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Dimensions

Dimensions Overview

Dimensions are non-aggregatable expressions that are used to define the level of aggregation that a MetricFlow user would like a metric to be aggregated to. You can also think of dimensions as the various data cuts (the slices and dices) that you would like to see a metric grouped by. Dimensions cannot be aggregated, so they are then considered to be a property of the primary or unique identifiers of the table.

Dimensions are defined within data sources along with measures and identifiers. You can think of dimensions as the columns in your data table or query that are non-aggregatable — they provide categorical or time-based context to enrich queries, and are usually included in the GROUP BY clause of your SQL query.

Consider the following data source as the basis for the examples to follow.

data_source:
name: transactions
description: A record for every transaction that takes place. Carts are considered multiple transactions for each SKU.
owners: support@transform.co
sql_table: schema.transactions

# --- IDENTIFIERS ---
identifiers:
- name: transaction_id
type: primary
- name: customer_id
type: foreign
- name: store_id
type: foreign
- name: product_id
type: foreign

# --- MEASURES ---
measures:
- name: revenue
description:
expr: price * quantity
agg: sum

# --- DIMENSIONS ---
dimensions:
- name: ds
type: time
expr: date_trunc('day', ts)
type_params:
is_primary: true
time_granularity: day
- name: is_bulk_transaction
type: categorical
expr: case when quantity > 10 then true else false end

All dimensions require a name, type and in most cases, an expr parameter.

  • name refers to the name for the dimension, which will be exposed to the end user. The name parameter can also act as an alias if the underlying column or SQL query reference is a different string within the expr parameter.

    • Note that dimension names must be unique within a data source, but they are not required to be unique across different data sources. MetricFlow will identify the correct dimension via the proper join identifiers. For further discussion on join paths, see the Join logic page.
  • type refers to the type of dimension created within the data source. Current types include:

    • Categorical: Usually a way to group rows within a table, such as geography, product type, color, etc.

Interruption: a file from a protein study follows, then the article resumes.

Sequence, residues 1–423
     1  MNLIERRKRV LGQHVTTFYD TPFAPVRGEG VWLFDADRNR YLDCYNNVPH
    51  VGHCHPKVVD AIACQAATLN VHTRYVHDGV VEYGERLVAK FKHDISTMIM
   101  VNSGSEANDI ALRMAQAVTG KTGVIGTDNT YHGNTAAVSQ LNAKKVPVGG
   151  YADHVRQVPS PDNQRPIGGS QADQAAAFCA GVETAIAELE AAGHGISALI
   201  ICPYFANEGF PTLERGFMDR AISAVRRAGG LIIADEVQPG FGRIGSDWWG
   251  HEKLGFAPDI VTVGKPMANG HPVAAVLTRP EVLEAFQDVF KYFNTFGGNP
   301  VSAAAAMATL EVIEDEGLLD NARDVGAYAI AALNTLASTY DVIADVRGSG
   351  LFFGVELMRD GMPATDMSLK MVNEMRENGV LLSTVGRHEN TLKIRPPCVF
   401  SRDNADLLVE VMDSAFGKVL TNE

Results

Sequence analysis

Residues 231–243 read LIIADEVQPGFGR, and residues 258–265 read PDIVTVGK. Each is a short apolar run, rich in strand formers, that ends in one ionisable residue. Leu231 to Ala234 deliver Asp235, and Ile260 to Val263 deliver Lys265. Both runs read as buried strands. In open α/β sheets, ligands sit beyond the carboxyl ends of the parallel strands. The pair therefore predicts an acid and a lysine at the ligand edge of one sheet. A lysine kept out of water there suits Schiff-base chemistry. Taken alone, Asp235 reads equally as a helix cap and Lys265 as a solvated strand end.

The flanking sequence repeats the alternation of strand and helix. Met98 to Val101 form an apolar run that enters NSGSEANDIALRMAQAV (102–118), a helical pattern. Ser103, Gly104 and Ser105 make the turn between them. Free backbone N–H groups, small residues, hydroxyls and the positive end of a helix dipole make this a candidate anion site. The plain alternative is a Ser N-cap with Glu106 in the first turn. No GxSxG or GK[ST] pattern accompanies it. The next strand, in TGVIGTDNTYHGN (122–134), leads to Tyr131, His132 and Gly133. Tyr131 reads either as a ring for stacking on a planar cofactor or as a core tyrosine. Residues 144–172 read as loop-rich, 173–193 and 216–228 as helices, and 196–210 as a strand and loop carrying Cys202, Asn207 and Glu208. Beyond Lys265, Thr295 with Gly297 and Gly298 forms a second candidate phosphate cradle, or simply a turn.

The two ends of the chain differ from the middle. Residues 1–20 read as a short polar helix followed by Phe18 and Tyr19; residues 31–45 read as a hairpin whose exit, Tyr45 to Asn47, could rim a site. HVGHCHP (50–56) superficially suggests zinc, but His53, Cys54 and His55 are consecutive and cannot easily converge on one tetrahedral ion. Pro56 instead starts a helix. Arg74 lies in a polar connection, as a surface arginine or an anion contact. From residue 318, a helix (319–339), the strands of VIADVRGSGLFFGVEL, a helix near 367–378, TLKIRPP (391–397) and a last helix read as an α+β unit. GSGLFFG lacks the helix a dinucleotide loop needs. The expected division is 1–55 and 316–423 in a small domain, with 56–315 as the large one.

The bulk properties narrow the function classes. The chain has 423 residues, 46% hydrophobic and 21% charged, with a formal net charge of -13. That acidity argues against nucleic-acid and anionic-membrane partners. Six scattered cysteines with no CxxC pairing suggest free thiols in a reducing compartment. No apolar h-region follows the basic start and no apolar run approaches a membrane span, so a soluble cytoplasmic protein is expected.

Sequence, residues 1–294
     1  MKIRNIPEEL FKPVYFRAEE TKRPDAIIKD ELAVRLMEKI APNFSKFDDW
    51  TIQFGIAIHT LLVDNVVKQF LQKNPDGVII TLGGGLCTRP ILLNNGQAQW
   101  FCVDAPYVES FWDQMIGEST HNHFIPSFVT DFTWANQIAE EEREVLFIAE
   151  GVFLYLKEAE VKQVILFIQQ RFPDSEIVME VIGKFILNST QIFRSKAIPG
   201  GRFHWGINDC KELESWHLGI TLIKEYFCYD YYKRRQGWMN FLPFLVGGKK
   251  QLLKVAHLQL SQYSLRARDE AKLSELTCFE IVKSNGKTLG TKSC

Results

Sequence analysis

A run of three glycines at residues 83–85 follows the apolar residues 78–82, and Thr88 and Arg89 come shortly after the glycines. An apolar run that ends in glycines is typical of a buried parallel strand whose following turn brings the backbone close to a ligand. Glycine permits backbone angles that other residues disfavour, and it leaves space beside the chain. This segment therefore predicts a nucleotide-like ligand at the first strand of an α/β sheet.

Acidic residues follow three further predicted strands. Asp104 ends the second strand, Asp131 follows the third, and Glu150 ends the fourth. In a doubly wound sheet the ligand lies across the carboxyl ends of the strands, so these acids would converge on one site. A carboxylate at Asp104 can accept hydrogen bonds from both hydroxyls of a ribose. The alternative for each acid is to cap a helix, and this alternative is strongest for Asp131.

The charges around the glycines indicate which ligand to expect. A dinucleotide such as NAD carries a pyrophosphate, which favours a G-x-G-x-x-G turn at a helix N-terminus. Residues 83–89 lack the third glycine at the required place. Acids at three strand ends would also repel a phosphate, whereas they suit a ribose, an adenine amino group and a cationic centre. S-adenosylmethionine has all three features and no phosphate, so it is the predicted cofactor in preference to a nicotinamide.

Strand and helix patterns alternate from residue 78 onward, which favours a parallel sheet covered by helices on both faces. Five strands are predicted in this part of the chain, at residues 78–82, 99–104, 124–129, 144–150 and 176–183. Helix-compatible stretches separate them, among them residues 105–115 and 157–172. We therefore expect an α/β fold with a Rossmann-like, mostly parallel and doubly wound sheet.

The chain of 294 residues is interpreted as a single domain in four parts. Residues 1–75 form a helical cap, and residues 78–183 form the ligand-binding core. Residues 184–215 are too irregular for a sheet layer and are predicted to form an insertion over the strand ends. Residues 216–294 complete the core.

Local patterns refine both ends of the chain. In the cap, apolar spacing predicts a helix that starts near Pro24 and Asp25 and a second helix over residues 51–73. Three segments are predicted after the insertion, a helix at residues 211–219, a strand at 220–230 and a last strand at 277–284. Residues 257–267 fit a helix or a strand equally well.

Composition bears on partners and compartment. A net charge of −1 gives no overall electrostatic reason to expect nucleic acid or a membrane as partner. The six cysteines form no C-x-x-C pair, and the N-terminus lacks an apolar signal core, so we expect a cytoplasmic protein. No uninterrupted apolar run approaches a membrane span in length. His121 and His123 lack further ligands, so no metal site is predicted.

• Time: Time dimensions will point to an underlying date field in the warehouse. All time dimensions must be TIMESTAMP or the DB engine equivalent.
  • expr (optional) refers to the underlying column or SQL query to define the dimension. If no expr parameter is present for a dimension, MetricFlow will look for a column that matches the name parameter.

    • For valid inputs into the expr parameter: you may input the column name itself, or a valid SQL expression such as a case statement.

Dimensions Types

Categorical Dimensions

Category dimensions allow metrics to be grouped by different "category" slices and dices, such as product type, color, or geographical area. These may point to existing columns in the data table, or be calculated using a SQL expression with the expr parameter.

As different business functional areas may have different ways to categorize the data, it can be very valuable to create new dimensions to capture those bespoke groupings.

In the example file provided below, is_bulk_transaction is a categorical dimension where we have provided a case statement for further grouping based on the underlying column quantity. is_bulk_transaction will then be available to the end user to filter or group by in the UI.

Example:

dimensions: 
- name: is_bulk_transaction
type: categorical
expr: case when quantity > 10 then true else false end

Time Dimensions

tip

Time dimension columns must be datetime data type if you are using BigQuery as your Data Warehouse. If they are stored as timestamp or another data type, you can cast the dimensions to datatime in the expr property. i.e expr: cast(timestamp as datetime) All time dimensions must be TIMESTAMP or the DB engine equivalent.

Time dimensions are used to aggregate metrics against different levels of time granularity. Current granularities supported by MetricFlow include day, week, month, quarter, and year (see the parameter time_granularity for further details).